The resistance became less than expected. The British advanced towards Basra in the south, which was soon on the brink of a humanitarian disaster when both water and electricity supply were broken. US troops marched north supported by massive aerial and missile attacks. On April 3, they reached Baghdad, and on April 9 they had taken the city and overthrew a large statue of Saddam Hussein in the center. Cheering Iraqis were then seen in live TV dragging the statue’s head on the city streets. After the fall of the cities of Kirkuk and Mosul in the north as well as Saddam Hussein’s hometown of Tikrit, the coalition on April 14 said the country was in control. On May 1, the United States declared the war was over.

The number of fallen Iraqi soldiers was then estimated at 3,650, and the number of Iraqi civilians killed was about as many. The number of fallen coalition forces was reported to be about 150, of which 114 were Americans. But the violence was far from over with that. Iraqis plundered abandoned government buildings and even hospitals, museums and libraries. Soon there was also increased resistance to the occupation, especially in central Iraq A number of major and minor attacks were carried out, especially in Baghdad. For example, on August 19, 23 people, including UN envoy Sergio Vieira de Mello, were killed by a car bomb in the capital, and on October 27, at least 35 people were killed. International Red Cross Committee headquarters were attacked.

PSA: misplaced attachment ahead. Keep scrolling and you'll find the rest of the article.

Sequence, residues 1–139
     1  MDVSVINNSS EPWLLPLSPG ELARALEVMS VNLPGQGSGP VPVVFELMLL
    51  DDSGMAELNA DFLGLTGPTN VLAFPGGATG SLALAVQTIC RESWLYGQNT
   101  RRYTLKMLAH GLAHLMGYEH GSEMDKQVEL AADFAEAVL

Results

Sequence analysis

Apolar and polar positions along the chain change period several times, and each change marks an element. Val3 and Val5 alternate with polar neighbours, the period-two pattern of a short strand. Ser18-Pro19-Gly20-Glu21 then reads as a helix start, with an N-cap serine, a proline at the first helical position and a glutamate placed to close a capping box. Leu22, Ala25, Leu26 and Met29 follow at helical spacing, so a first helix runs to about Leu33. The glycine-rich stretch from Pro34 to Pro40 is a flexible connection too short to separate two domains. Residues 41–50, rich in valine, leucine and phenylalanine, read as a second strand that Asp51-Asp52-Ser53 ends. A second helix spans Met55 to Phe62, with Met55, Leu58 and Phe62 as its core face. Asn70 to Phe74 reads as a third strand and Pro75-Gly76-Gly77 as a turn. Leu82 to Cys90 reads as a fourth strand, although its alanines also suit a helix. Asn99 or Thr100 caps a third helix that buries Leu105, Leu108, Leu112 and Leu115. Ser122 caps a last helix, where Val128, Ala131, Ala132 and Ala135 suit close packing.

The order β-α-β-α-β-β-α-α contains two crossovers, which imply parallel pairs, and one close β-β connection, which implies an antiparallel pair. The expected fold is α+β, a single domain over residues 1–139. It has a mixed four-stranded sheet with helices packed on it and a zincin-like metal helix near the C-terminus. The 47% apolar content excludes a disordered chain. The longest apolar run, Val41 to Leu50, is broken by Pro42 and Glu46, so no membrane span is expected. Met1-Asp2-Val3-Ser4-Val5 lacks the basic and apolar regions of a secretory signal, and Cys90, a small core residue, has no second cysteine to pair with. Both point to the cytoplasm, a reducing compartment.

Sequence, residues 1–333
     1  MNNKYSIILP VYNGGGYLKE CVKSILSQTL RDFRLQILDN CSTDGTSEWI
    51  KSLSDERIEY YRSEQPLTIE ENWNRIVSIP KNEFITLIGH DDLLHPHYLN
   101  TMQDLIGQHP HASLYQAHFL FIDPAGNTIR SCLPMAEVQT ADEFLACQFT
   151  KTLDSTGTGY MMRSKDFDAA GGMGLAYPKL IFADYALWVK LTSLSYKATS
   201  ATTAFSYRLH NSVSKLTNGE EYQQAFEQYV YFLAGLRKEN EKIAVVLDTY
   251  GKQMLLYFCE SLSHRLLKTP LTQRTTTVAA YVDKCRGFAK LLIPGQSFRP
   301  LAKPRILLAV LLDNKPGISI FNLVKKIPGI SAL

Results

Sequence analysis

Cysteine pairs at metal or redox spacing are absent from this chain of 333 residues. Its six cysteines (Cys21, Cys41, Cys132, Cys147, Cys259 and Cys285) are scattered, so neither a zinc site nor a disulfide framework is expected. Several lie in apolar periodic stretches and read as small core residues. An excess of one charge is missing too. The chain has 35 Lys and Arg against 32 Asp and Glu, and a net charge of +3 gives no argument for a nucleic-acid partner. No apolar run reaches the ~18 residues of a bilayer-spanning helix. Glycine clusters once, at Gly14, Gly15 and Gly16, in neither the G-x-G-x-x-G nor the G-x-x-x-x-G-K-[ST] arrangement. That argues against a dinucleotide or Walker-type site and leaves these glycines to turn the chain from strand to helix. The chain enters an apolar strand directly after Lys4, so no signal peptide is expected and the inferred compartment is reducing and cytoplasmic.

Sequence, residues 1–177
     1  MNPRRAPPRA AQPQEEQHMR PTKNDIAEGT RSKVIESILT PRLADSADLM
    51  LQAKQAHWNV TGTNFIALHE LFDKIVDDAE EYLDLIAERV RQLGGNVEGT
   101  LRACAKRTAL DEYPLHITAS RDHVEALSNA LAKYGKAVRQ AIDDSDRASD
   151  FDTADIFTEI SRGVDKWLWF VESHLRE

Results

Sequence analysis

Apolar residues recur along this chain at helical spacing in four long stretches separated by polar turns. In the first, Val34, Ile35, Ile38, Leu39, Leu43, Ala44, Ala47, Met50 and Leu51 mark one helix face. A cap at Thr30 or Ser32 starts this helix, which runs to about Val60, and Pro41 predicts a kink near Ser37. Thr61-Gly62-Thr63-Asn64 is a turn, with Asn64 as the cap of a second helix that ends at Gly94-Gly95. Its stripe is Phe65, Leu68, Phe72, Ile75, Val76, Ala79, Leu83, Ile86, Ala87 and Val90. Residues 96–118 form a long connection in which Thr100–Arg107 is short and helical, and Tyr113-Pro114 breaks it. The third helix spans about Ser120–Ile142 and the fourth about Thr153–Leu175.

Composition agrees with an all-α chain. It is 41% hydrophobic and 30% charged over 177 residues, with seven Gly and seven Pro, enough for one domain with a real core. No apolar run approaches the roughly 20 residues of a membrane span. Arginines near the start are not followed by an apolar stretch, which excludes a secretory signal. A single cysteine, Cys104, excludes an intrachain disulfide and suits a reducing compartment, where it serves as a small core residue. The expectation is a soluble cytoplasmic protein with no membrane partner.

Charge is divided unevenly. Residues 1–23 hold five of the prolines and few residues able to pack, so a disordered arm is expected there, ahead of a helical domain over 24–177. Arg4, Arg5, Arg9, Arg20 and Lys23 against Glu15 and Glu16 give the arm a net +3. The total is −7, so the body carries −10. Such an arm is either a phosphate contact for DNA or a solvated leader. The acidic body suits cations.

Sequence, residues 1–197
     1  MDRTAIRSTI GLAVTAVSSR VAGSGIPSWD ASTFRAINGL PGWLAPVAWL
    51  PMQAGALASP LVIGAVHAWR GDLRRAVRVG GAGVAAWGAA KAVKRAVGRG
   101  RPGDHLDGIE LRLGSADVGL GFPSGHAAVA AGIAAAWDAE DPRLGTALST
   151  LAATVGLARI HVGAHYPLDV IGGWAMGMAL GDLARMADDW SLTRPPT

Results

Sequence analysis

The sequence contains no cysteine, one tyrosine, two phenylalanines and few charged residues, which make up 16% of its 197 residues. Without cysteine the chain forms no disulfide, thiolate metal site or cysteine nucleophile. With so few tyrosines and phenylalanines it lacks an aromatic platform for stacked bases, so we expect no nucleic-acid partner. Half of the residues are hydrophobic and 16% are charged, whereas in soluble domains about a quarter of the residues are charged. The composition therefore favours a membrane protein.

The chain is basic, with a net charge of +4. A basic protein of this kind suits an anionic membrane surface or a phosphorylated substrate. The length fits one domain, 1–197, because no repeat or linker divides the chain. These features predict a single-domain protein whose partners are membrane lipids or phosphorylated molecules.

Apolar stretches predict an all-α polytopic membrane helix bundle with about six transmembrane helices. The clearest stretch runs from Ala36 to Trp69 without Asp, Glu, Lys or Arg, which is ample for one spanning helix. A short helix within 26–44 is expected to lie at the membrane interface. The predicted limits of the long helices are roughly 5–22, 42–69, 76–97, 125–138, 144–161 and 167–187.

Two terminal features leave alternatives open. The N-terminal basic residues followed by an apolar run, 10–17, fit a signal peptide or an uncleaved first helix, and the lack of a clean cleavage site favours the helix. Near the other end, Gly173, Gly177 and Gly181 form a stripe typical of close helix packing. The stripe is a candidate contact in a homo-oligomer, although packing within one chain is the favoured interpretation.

There were also signs of an internal divide. On August 29, the city of Najaf in southern Iraq was shaken by a car bomb that killed about 125 people, including Muhammad Bakir Hakim, leader of the Shi’ite Muslim group SCIRI (Supreme Command for the Islamic Revolution in Iraq).

In total, at least 1,500 Iraqis were estimated to have been killed in post-war violence. The post-war violence also claimed the lives of more American soldiers than did the war itself.

After the war, the Allies continued a frenetic hunt for Saddam Hussein and 54 other Iraqi leaders whom they called “dead or alive”. By the end of the year, 40 of them had been arrested. Two – Saddam Hussein’s sons – had been killed. Saddam Hussein himself was arrested December 13 after a tip. He was found hidden in a cave in the village of ad-Dawr near Tikrit and made no resistance. Many Iraqis rejoiced, but others were too affected by the consequences of the war to be able to cheer. The Iraq leadership appointed by the US made it clear that Saddam Hussein would face trial in Iraq.